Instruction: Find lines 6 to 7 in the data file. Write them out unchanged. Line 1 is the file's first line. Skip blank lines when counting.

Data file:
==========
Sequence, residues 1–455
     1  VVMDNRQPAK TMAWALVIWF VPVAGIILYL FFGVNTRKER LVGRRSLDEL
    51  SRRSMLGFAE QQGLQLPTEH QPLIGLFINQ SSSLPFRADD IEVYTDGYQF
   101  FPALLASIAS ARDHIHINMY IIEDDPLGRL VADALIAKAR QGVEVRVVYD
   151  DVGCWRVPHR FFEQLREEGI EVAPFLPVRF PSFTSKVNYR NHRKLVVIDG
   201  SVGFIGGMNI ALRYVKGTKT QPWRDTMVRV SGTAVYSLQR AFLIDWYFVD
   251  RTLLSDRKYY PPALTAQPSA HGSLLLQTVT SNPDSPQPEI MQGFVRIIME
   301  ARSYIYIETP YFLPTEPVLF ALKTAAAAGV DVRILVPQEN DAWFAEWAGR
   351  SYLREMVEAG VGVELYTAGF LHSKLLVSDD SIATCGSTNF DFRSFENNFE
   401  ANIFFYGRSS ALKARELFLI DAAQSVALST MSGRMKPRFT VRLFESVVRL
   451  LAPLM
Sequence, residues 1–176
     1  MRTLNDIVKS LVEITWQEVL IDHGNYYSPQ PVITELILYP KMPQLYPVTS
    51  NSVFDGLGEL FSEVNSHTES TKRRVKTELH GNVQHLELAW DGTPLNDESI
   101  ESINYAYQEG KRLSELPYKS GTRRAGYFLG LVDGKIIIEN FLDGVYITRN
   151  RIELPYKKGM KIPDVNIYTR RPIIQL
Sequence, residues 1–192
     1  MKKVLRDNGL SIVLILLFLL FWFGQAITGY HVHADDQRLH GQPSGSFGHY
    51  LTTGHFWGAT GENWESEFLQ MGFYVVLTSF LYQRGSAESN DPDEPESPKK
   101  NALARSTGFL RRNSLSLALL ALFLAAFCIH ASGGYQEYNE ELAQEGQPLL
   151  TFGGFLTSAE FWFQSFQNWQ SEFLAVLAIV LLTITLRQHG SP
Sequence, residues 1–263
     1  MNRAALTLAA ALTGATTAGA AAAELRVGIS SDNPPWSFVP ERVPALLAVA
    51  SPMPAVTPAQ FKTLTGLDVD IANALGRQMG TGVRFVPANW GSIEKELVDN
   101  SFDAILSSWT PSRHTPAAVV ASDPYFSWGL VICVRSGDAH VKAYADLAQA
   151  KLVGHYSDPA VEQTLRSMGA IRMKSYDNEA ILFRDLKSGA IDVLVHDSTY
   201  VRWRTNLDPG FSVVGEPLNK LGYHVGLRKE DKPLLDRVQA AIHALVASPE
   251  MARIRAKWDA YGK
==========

   201  SVGFIGGMNI ALRYVKGTKT QPWRDTMVRV SGTAVYSLQR AFLIDWYFVD
   251  RTLLSDRKYY PPALTAQPSA HGSLLLQTVT SNPDSPQPEI MQGFVRIIME